A personal tribute to Michael Gadsden
Journal of Atmospheric and Solar-Terrestrial Physics
I first met Michael Gadsden in the late 1970s when he visited our Upper Atmospheric Group at Southampton University, UK. At that time I was a new graduate student studying for my Ph.D. under Pamela Rothwell. Mike (as I was later privileged to call him) was interested in developing a collaborative program to study polarization in noctilucent clouds (NLC) using our low-light video cameras. Of course at that time I had never even heard of noctilucent clouds but what an impression he made on us all! Within a couple of months I found myself heading north for Scotland, with my car packed full of video gear, eager to learn all about these fascinating night shining clouds that only occur during the summer months at higher latitudes. True to his nature, Mike gave me the “royal tour” of the ancient city of Aberdeen and its famous university, introducing me to the faculty in the Department of Natural Philosophy as a “heathen from the south” (you have to say it with a Scottish accent) who had “come north for the summer to gain a decent education!”
We set up our cameras at the majestic Cromwell Tower Observatory, located in Kings College in the oldest part of the university (circa 1400 AD). Mike had recently refurbished this abandoned observatory and after several weeks of tutoring me while waiting for the Scottish skies to clear, we were eventually rewarded with a wonderful NLC display. It was a most impressive event that lit up the northern sky late at night, with many beautiful iridescent blue-white waves illuminated within the twilight arch. I savored this eerie yet tranquil time, and as the display grew in brightness, it was soon accompanied by a chorus of birds singing as they were tricked by this “false dawn”. I was firmly hooked! Moreover, we gained our first data on circular polarization in NLC on this night and Mike swiftly prepared a letter for publication in Nature [Gadsden, Rothwell, Taylor, 1979. Nature 278]. Therein began a wonderful relation with Mike, first as a mentor and later as a colleague and dear friend.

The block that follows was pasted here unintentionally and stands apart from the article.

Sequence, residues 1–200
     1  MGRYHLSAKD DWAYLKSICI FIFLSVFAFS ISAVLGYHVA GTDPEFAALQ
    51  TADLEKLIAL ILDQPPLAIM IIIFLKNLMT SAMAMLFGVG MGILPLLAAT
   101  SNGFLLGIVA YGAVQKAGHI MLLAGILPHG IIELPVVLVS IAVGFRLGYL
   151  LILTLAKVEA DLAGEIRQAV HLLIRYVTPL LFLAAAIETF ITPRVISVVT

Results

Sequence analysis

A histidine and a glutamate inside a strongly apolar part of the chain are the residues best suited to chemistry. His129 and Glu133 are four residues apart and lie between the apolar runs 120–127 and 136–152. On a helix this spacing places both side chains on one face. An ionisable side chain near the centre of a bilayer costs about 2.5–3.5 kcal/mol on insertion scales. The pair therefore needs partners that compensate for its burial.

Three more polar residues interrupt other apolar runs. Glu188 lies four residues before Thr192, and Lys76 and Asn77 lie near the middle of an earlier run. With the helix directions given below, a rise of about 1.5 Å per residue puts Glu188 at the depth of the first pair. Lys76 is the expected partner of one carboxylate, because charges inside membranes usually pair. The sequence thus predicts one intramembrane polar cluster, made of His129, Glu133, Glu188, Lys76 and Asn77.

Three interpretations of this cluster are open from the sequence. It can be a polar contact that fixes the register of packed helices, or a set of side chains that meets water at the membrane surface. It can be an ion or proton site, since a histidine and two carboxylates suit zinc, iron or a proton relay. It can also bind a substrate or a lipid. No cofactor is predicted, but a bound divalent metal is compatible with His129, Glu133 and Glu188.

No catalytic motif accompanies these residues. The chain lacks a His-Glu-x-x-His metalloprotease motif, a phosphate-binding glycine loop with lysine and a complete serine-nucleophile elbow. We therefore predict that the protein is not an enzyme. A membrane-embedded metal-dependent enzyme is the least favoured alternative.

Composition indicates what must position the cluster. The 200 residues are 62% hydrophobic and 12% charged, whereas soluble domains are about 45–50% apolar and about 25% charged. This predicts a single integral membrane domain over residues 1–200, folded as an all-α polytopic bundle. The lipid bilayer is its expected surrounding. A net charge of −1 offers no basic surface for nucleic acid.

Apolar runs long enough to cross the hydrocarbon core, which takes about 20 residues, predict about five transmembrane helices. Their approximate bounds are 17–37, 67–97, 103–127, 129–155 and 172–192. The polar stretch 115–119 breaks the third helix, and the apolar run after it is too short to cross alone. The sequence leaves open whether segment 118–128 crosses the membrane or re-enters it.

Taylor, M.J., A personal tribute to Michael Gadsden, J. Atmos. Solar-Terr. Phys., 68, 5-8, 2005.